At E3 2009, EA & DICE revealed they were going to give their beloved Battlefield franchise a bit of an upgrade by going back to the game’s roots: the 1940s. With the Frostbite Engine running the game’s mechanics, which offers a high level of destructible environments, it seems Battlefield 1943 would actually be the kind of sequel we were all hoping for. Throw in the fact that it’s a game that can be downloaded, and you’ve got yourself a recipe for a great title.
Battlefield 1943 takes place across three multiplayer maps that took their influence from Battlefield 1942 maps. You play as one of two factions: The United States Marine Corps or the Imperial Japanese Navy. Both teams have similar classes that behave in a similar manner. In fact, the only difference between both teams are the skins of the players to reflect the team they’re fighting for. There are only three classes available to play as: Infantryman, rifleman, and scout. Even though there aren’t as many packs or multiple ways to customize your character to how you play, all of the classes are balanced fairly and require players to depend on their skill, rather than their arms.
What’s a good war game without some vehicles, eh? When it comes to vehicles, Battlefield 1943 keeps it relatively simple. There are tanks, jeeps, fighter planes, and boats. There aren’t multiple types of those vehicles, those are pretty much what you get. Each vehicle has it’s own pros & cons (ex: The Jeep is quick and agile to get you to a capture point quickly, while the Tank is slower, but it’s a nearly unstoppable force). Most of the vehicles allow players to bring a couple of buddies along for the ride, which can benefit everyone involved as an army of one doesn’t do as well as an army of 3+. Across all of the maps, there are also air raid bunkers where you can call in an air raid. The player takes control of three planes and guide them to wherever you’d like them to strike. During the air raid view, icons show up over the map to indicate where the enemy is located.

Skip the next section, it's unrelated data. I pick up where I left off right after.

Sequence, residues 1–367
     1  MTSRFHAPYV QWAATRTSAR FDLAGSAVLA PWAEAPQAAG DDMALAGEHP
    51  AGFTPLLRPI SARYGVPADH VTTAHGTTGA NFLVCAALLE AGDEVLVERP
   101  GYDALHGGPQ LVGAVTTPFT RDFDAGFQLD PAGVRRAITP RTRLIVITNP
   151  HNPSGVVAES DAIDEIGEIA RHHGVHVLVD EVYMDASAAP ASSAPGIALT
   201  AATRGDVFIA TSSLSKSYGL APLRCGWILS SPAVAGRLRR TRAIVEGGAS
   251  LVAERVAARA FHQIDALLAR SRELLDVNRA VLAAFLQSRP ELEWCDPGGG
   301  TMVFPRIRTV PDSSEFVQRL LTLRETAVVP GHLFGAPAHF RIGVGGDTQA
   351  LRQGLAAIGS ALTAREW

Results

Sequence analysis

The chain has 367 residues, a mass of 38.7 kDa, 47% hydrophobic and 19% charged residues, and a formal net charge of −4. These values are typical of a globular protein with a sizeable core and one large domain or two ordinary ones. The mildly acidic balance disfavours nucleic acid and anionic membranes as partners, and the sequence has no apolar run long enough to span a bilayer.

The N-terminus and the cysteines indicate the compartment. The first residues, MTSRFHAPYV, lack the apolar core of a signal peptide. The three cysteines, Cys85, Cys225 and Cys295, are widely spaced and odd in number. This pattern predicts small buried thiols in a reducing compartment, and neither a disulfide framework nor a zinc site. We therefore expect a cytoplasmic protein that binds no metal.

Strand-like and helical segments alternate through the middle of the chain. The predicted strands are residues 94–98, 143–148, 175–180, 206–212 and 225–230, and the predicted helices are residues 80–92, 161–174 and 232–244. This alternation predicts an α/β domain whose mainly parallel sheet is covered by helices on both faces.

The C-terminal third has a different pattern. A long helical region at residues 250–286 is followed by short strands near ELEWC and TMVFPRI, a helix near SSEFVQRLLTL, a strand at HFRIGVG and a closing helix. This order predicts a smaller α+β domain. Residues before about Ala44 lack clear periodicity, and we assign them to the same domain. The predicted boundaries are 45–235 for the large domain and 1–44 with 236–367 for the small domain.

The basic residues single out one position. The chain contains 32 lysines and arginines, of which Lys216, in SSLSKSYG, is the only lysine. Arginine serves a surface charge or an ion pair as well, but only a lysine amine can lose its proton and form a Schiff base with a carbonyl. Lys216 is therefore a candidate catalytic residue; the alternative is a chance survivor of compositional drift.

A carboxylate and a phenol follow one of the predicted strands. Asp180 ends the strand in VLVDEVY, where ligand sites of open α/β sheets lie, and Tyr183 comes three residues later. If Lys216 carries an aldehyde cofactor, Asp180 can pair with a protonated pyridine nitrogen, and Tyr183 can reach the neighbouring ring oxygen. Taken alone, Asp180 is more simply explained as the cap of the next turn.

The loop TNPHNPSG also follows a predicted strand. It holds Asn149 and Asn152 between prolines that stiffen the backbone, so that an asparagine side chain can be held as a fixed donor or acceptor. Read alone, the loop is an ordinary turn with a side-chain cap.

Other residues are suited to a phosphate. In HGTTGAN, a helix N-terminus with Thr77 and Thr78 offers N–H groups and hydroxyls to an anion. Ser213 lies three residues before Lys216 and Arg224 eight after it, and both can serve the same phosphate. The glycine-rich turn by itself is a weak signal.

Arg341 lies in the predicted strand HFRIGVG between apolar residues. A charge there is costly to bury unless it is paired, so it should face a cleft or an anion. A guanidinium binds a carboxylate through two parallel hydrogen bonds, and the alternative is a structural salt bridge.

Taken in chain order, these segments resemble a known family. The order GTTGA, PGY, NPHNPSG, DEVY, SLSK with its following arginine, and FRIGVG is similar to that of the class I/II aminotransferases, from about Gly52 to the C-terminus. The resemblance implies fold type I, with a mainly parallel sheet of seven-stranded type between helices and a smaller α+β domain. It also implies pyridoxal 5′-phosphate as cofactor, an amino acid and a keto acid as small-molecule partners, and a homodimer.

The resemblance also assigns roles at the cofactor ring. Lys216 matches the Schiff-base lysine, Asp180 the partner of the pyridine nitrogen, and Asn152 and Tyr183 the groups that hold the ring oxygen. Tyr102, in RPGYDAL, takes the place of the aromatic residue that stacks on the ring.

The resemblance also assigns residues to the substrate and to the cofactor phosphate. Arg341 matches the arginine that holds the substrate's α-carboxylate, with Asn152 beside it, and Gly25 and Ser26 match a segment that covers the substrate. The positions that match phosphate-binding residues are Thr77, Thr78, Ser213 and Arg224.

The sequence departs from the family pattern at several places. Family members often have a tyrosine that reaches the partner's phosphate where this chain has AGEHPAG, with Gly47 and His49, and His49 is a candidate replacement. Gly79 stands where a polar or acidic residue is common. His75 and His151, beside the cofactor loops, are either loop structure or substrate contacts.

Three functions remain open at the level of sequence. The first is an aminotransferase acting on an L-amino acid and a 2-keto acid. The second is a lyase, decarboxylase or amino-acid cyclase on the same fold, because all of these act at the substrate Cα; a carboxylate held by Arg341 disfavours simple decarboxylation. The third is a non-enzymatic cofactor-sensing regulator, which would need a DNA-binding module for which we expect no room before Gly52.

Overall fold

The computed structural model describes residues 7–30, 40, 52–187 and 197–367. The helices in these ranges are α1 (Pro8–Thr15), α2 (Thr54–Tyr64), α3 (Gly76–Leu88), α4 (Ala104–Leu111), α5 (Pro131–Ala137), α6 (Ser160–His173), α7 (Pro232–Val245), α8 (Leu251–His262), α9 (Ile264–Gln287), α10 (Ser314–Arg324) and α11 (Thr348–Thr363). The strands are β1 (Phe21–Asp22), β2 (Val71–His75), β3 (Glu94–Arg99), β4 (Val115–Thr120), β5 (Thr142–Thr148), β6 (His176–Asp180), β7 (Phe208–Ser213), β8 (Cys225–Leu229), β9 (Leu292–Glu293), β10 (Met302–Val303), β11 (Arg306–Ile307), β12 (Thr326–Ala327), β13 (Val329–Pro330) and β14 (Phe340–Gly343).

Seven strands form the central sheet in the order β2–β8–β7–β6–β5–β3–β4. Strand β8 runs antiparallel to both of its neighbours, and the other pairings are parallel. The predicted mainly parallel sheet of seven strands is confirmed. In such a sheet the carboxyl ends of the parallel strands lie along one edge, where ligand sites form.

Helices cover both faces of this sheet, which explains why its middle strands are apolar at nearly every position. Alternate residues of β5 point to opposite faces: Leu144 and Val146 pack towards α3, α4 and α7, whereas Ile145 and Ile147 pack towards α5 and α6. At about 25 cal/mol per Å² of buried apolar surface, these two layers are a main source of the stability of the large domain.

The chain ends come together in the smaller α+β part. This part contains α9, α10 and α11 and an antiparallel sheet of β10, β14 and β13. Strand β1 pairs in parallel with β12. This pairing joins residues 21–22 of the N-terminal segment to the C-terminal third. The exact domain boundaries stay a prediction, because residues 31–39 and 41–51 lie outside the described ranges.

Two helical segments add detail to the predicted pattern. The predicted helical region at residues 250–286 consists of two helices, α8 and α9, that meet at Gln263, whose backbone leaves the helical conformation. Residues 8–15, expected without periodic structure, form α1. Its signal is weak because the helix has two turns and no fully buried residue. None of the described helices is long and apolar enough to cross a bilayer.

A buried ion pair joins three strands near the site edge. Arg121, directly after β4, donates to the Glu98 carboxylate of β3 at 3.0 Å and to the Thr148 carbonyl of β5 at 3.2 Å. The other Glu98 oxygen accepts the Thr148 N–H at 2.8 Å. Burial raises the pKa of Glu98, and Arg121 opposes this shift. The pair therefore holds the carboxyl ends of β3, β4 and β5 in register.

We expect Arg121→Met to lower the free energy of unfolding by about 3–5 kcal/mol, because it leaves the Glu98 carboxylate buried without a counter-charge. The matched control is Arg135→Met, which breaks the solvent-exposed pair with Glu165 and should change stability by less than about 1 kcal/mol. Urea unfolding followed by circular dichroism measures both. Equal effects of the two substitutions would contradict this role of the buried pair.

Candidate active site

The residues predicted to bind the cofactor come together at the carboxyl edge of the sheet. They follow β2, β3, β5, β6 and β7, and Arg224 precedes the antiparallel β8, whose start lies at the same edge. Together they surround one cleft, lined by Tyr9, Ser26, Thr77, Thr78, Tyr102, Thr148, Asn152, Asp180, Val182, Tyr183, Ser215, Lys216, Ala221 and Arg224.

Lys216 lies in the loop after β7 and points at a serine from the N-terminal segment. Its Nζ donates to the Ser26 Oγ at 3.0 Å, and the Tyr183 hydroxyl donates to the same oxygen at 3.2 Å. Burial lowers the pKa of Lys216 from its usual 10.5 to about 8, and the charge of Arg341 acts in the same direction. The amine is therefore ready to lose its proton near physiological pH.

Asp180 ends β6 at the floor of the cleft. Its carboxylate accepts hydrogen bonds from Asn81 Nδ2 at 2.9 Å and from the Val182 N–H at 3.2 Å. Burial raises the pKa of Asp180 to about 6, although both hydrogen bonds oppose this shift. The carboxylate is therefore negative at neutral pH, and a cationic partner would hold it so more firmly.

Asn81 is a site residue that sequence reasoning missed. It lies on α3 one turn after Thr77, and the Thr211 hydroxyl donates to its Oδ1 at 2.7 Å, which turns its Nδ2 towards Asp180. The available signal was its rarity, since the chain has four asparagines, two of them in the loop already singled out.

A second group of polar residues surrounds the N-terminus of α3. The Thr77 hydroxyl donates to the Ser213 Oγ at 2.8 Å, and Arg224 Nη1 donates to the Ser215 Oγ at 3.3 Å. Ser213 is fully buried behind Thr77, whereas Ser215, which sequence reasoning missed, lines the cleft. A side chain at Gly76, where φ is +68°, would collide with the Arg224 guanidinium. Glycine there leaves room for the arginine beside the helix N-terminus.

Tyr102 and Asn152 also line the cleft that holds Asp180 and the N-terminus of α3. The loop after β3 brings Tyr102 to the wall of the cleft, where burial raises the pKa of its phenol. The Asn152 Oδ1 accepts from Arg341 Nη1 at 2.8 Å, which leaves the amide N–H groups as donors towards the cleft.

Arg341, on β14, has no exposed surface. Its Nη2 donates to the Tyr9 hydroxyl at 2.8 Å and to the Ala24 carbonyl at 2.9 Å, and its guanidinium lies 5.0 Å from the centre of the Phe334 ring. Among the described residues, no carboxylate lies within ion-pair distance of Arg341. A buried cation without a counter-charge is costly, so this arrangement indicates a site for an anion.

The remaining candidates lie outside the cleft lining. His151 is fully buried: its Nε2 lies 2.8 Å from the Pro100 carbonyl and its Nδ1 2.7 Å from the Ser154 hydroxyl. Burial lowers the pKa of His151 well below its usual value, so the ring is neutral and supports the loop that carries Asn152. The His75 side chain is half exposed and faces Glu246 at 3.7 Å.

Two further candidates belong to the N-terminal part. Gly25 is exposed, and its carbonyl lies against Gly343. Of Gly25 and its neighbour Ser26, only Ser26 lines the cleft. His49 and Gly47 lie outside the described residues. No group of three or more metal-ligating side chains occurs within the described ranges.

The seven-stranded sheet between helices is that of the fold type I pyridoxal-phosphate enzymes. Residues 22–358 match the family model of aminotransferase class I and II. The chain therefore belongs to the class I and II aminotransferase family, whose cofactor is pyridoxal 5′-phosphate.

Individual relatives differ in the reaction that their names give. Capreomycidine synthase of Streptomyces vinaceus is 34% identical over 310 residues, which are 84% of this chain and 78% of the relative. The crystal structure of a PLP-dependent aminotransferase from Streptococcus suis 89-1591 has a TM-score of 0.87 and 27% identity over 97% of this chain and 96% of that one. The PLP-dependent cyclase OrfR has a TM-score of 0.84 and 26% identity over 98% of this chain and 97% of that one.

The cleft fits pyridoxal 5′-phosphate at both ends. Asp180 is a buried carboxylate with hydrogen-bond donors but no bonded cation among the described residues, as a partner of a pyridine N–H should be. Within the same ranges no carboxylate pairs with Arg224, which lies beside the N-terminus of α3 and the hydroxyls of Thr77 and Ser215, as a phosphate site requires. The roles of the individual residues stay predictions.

There’s only one gametype playable and that’s Conquest Mode. The main focus of this particular gametype is to capture as many points on the map as possible in order to deplete the enemy’s “tickets”. Killing enemy players also reduce tickets as well. When one team’s tickets reach 0, the other team is the victor. As much fun as deathmatch or team deathmatch gametypes are, the Battlefield franchise has always favored the Conquest Mode gametype and I’ve always had a blast playing it. The overall game design is also much more accessible to players with the inclusion of regenerative health, as well as unlimited ammo. You still need to reload your weapons and specific weapons require a cool-down in order for players to be able to access them again.
For an online multiplayer game, I was surprised to find there weren’t any pre-game / post-game lobbies. You can invite friends to play in your current match, but matches often tend to be full, which can make it rather difficult to play with anyone you actually know. During matches, players can choose to be a part of a squad. Being in a squad allows you to respawn near other squad members located on the battlefield. You can also gain additional experience points for working together with squad-mates during matches.
The majority of your actions while playing will earn you experience points. These points don’t unlock anything special, but act as a way to pit players up against those with similar rankings. You are also presented with awards if you are able to complete a required feat (such as killing 4 enemies with your semi-automatic rifle will award you a “Rifle Efficiency” award). The achievements / trophies that can be achieved don’t require too much work either and can be unlocked within a couple of days.
FINAL THOUGHT: With Battlefield 1943’s $15 price point, it’s definitely a game that should not be overlooked. It gives a complete Battlefield experience in a smaller, easier to handle form. Beginners and veterans of FPS genre alike will equally enjoy Battlefield 1943 as it will provide hours of entertainment for a fraction of a full-retail game.